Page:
The Canadian Journey series turned out to be forged in even greater numbers than the Birds of Canada series it had replaced.



By the time the grey Hyundai was pulled over with a stack of fake Canadian Journey notes inside – complete with replica watermark and holographic strip – Canada’s counterfeit rate had ballooned to 470 PPM. That year alone, 552,692 forged banknotes were passed, a record number. Canada’s PPM level was as much as 100 times the ratio of some G20 countries.



Though most countries don’t make their PPM numbers public, a document released by the U.S. Secret Service in 2005 disclosed that the United States, which spends billions of dollars to fight counterfeiting each year, had a PPM rating of just 6.5 (albeit the U.S. figure is based on 28 billion notes in circulation). Even Mexico, which has battled serious counterfeiting problems of its own, was lower than Canada at 83 PPM.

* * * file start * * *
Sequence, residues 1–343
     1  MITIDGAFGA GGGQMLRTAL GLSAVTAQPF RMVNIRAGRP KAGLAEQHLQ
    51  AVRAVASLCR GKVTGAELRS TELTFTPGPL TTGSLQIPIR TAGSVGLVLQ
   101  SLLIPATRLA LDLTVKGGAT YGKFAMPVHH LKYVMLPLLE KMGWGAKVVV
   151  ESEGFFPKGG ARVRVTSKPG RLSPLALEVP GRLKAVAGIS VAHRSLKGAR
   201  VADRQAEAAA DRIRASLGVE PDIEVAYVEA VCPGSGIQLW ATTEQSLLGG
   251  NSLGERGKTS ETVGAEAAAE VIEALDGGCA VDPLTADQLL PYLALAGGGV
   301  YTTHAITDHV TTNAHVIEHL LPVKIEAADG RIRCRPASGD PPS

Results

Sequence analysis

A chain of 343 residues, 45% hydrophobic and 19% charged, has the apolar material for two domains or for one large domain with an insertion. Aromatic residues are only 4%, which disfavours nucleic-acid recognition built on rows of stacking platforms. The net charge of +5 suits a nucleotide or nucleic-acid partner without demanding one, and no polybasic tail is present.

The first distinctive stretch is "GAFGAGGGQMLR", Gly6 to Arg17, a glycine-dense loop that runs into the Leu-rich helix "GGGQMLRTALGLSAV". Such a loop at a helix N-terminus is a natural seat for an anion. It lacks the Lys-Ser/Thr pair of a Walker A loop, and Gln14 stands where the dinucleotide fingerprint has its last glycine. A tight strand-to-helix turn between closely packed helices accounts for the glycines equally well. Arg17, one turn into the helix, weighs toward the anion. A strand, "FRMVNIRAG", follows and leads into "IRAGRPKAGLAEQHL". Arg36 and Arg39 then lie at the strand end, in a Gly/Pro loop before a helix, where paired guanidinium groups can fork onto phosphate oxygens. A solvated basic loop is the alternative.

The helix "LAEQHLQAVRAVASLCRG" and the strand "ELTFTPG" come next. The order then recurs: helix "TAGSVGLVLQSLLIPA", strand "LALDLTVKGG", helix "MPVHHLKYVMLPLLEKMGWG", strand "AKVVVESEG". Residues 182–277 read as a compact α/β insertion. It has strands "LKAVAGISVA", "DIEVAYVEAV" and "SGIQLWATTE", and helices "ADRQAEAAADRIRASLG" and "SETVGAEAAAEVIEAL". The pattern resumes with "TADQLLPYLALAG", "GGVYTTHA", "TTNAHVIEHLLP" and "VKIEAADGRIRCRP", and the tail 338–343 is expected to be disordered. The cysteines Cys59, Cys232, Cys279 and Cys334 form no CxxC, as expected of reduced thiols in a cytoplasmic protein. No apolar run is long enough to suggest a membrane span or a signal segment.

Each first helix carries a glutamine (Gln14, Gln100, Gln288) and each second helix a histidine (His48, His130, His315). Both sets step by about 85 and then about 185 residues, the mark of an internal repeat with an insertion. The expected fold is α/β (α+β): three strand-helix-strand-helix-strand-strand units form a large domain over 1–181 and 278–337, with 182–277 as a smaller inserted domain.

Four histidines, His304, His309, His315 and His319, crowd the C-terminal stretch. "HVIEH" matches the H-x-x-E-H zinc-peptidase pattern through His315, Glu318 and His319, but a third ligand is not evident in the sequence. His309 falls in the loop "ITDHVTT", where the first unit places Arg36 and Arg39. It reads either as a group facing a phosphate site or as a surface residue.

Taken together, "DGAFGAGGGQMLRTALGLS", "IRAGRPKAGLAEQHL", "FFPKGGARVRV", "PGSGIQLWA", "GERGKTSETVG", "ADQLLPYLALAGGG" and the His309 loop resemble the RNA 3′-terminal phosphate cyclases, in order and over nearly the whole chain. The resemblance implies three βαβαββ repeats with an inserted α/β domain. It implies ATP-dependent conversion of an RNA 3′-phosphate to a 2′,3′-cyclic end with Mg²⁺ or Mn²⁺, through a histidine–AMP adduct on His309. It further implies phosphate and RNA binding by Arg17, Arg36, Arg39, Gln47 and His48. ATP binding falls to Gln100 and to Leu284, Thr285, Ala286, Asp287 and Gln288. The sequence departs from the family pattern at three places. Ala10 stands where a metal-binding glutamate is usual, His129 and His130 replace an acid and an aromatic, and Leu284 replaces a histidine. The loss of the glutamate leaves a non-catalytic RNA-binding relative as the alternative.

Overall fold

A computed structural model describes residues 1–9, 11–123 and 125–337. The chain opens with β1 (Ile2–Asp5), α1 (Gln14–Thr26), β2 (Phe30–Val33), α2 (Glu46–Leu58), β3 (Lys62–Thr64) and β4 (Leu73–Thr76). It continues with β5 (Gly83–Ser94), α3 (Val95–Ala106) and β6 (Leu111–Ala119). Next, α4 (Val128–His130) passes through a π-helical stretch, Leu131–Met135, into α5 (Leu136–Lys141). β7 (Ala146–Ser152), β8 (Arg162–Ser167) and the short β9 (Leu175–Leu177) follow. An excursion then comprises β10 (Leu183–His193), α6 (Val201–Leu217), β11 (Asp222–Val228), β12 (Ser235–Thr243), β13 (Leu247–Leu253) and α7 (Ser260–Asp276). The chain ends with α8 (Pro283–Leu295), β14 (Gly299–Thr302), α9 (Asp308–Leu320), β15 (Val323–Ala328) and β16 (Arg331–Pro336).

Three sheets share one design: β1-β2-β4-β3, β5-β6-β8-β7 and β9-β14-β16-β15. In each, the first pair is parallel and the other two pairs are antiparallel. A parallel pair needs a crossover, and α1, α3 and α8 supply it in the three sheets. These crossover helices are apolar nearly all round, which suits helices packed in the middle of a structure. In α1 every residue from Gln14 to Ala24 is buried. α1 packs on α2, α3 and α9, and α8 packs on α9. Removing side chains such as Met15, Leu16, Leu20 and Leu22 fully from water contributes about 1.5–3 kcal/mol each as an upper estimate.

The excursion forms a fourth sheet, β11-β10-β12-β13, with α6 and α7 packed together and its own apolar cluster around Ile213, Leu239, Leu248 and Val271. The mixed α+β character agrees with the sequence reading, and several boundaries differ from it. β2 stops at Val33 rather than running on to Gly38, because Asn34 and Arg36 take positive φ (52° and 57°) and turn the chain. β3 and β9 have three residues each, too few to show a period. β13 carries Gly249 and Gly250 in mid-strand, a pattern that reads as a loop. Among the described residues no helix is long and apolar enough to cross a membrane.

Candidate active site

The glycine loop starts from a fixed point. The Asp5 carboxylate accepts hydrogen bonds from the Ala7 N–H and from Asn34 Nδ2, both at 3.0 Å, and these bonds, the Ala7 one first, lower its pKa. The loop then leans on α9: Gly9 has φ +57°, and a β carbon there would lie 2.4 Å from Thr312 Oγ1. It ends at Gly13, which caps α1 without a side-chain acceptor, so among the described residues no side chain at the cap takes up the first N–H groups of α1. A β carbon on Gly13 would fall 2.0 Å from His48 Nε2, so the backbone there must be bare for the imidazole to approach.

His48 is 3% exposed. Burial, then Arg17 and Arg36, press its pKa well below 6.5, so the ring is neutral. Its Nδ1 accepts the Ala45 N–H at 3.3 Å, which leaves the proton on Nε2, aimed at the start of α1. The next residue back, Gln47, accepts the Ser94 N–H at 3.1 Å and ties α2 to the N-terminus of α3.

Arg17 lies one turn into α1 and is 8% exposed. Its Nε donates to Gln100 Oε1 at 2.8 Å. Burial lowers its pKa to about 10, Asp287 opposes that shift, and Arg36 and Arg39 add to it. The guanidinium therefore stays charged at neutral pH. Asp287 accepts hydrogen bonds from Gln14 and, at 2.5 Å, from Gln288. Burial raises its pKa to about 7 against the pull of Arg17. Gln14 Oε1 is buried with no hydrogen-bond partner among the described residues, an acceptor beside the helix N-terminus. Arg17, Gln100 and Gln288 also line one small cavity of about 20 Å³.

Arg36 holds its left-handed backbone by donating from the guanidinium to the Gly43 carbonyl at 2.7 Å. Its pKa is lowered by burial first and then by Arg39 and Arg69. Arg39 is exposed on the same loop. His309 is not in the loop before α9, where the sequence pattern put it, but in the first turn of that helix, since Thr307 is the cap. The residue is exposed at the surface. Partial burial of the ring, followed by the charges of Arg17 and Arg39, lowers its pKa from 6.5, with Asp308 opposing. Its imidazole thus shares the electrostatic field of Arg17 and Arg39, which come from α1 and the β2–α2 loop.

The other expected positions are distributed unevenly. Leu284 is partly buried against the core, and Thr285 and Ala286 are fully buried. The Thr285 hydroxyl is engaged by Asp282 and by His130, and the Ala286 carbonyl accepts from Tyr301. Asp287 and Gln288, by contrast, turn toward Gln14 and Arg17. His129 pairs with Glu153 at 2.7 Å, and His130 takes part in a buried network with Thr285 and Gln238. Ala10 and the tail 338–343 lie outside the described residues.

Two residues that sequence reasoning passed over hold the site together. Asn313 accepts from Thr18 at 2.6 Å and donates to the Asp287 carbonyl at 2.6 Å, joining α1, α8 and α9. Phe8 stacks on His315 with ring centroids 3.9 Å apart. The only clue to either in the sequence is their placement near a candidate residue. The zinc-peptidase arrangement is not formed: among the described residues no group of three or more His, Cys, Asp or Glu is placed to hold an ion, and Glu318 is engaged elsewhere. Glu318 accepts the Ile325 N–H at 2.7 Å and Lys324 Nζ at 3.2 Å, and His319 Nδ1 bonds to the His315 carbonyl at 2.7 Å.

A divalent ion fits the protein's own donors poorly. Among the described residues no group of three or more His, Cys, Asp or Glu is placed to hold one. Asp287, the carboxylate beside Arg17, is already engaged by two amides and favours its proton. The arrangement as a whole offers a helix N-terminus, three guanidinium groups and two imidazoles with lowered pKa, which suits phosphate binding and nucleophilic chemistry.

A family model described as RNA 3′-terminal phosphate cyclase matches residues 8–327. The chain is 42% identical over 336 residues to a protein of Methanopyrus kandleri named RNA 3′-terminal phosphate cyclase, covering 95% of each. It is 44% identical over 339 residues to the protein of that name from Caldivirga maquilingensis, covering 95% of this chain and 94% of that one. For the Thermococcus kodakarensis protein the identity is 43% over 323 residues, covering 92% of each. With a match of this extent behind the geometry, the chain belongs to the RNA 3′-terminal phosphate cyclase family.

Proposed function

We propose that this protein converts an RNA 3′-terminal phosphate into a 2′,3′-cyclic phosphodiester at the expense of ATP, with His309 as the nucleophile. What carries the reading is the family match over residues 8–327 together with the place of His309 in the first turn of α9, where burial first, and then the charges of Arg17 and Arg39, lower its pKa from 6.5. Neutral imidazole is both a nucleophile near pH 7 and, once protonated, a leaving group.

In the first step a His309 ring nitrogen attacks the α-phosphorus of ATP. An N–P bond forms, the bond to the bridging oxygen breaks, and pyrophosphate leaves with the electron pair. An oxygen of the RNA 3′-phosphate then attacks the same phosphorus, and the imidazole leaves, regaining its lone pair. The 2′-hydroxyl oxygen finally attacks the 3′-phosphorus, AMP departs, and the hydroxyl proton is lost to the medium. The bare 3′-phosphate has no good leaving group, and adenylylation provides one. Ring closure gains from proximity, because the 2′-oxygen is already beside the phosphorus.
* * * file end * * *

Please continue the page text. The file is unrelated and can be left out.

That year, the Bank of Canada declared in an internal memo that counterfeiting levels were at “dangerous” levels. In search of a solution, Canada turned to the one country that seemed to have the problem in check better than anyone else: Australia.



HOW POLYMER MONEY WAS BORN



In 1966, David Solomon was a young chemist working on developing new kinds of paint for the Dulux company when he was invited to an emergency meeting of Australian scientists.



The country had just introduced its first dollar banknote that year, after severing ties with the British pound. The Australian Reserve Bank spent three years designing what it thought was the most secure currency possible, equipped with the best modern anti-counterfeiting technology of the day, including watermarks and raised ink printed on cotton-based “rag paper” that has since become the standard for money in places like Canada.